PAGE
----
In summary, these two dishes failed to generate much excitement. Even without ordering the two outstanding courses that I loved from the original Szechuan Chef, a restaurant trying to carry on with the same name should stand on its own with dishes that call you back rather than reminisce about what you miss from the old place. I likely won’t be going back.

Szechuan Chef
15015 Main St
Ste 107
Bellevue, WA 98007
425.746.9008
 

Ramen at Fu Lin (Seattle, WA)


This was interesting. A Chinese restaurant that serves ramen and large signs in Japanese clearly in view behind the expansive storefront windows. A good friend of ours recommended this place for ramen.

Located in the International District, Fu Lin has a special ramen menu, among which are included variations of shoyu, miso and tonkotsu ramen. Marketing ploy? An attempt to lure Japanese customers? It turns out that the owner/chef, born and raised in China, lived and cooked in Japan for ten years before crossing the ocean to settle here.

Though my wife and I were eyeing the same miso chashu ramen, I changed my order to tonkotsu chashu ramen so we could sample both kinds. The noodle soups were served in large bowls with the broth a good inch and a half below the rim. An important component of a good ramen is the noodle itself, in this case perfectly cooked and having great texture. In Asia, serious eaters will finish the entire bowl very quickly in order to enjoy the pasta texture throughout the meal. Eaters here don’t eat as furiously, so inevitably the noodles will soften.

The charsiu, five large slices in all, were lean, very tender and slightly sweet, wonderfully flavorful. Not pork belly slices that rameniacs like, these will appeal to diners who eschew too much fat. Five spice flavors infused the menma (seasoned bamboo shoot slices), leaning more toward Chinese flavors than Japanese. Bean sprouts, wakame (seaweed) and a good dose of sliced green onions rounded out the toppings of both ramen.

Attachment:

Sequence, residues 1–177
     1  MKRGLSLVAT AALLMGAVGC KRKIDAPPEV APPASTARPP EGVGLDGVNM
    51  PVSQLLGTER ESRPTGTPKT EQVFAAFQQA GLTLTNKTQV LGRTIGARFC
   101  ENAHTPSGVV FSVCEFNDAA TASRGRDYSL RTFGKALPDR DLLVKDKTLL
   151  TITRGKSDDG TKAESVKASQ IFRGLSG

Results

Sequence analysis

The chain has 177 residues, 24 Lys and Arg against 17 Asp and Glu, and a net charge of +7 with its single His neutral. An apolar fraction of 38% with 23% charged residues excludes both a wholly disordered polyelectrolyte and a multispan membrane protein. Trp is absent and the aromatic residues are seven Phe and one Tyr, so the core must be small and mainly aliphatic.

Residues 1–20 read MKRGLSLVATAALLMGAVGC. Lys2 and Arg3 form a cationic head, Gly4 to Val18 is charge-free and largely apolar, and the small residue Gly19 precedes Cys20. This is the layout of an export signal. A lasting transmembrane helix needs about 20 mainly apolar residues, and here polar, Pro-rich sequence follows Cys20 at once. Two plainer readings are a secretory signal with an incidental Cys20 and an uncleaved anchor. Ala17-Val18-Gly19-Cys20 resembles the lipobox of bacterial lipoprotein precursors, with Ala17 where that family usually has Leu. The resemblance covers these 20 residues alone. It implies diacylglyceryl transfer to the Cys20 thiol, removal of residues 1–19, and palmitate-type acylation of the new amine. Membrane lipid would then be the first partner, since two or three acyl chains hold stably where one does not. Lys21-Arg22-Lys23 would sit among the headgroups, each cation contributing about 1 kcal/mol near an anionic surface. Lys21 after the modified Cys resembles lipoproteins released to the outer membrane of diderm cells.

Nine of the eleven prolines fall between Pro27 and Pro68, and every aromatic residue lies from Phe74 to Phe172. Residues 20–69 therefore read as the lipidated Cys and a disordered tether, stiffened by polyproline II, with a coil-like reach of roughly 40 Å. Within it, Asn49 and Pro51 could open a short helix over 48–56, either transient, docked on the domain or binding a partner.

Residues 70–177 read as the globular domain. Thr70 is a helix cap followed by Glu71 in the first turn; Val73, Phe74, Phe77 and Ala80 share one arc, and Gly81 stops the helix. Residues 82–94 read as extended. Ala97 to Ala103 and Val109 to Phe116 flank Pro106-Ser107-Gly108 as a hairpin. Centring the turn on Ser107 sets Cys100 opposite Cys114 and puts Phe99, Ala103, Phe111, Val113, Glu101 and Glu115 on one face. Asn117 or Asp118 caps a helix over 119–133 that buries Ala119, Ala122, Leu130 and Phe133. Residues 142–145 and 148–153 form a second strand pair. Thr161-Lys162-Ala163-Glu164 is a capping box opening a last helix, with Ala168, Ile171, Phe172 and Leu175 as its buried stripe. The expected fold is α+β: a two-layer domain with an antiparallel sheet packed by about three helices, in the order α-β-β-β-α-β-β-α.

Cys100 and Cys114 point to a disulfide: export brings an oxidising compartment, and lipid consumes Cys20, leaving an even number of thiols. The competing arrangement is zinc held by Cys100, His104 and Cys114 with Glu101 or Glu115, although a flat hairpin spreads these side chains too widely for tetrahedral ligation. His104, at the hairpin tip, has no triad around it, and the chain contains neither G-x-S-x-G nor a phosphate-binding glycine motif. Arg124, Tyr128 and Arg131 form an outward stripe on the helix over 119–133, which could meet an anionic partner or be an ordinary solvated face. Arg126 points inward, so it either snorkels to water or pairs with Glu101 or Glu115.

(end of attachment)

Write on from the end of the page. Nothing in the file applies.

Miso charsiu ramen

Miso charsiu ramen

Tonkotsu charsiu ramen

Tonkotsu charsiu ramen

The miso broth was rich and thankfully not too salty, admittedly impossible to make a good, low-sodium miso broth, and having slight ginger overtones. Always in the hunt for a good tonkotsu broth, I found Fu Lin’s to be milky and flavorful, though middling on the pork-flavor intensity scale. The same friend who recommended the ramen here is of the opinion that, in the Seattle area, Fu Lin serves the best version. So far, I have no argument with that. Ramen addicts would do well to walk just a block up the street from the inconsistent Samurai Noodle and have their fix here instead.

Fu Lin
512 S King St
Seattle, WA 98104
206.749.0678
Menu
Map

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Dinner at Din Tai Fung (Bellevue, WA)


All the times before that we’ve dined at Din Tai Fung, we were never able to get seated at a table right away. Always there was a wait. It is that popular. Tonight was an exception. We waltzed right in after seeing Amour at Lincoln Square Cinemas (a remarkable, unsettling, superbly acted movie, by the way). Our taste buds were still remembering the excellent noodle soups we had here recently, so we could easily have ordered them again. But, in the interest of trying something different, we settled on Vegetable and Pork Wonton with Spicy Sauce and Shrimp and Pork Wonton Soup.

For an appetizer, we started with the tersely-labeled Cucumber, Kirbys sliced about 3/4″ thick, dressed with vinegar, sugar and sesame and chili oils. Refreshing and crunchy, they cleansed our palates for what followed.

pickled cucumbers

Pickled cucumbers

The shrimp and pork wontons were served in the same delicious, pure chicken broth that graced the Noodle Soup with Pickled Mustard Green & Shredded Pork last time, with no additional ingredients like vegetables, making for a spartan soup. The dumplings themselves were very flavorful.

Eight spicy wontons were served in a shallow dish over a pool of dark sauce made from chicken broth, black soy sauce, chili oil and minced green onions. What gave the sauce extra dimension was the flavor of five spice powder with notes of licorice and warm spices, which along with a dipping sauce of black vinegar and finely shredded ginger, given to everyone, made for two tasty ways to garnish the dumplings in the Chinese soup spoon. Difficult to detect without our waitress’ help were the vegetables in the wonton—Chinese cabbage (napa) and bok choi—tasty companions of the ground pork. This, as it turns out, is DTF’s most popular wonton dish, and deservedly so.

Dining at Din Tai Fung can become a pricey affair, especially if you add cocktails like we did. The lychee mojito is a killer drink. But, everything is freshly made and the dedication to quality is definitely apparent. By the time we were done with dinner, there was the typical flock of people waiting to be seated. The rumor is that the Taiwanese chain is looking to open a Seattle location, perhaps in the University Village, which can only ease the crowds here.

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Din Tai Fung
700 Bellevue Way Northeast #280
Bellevue, WA 98004
425.698.1095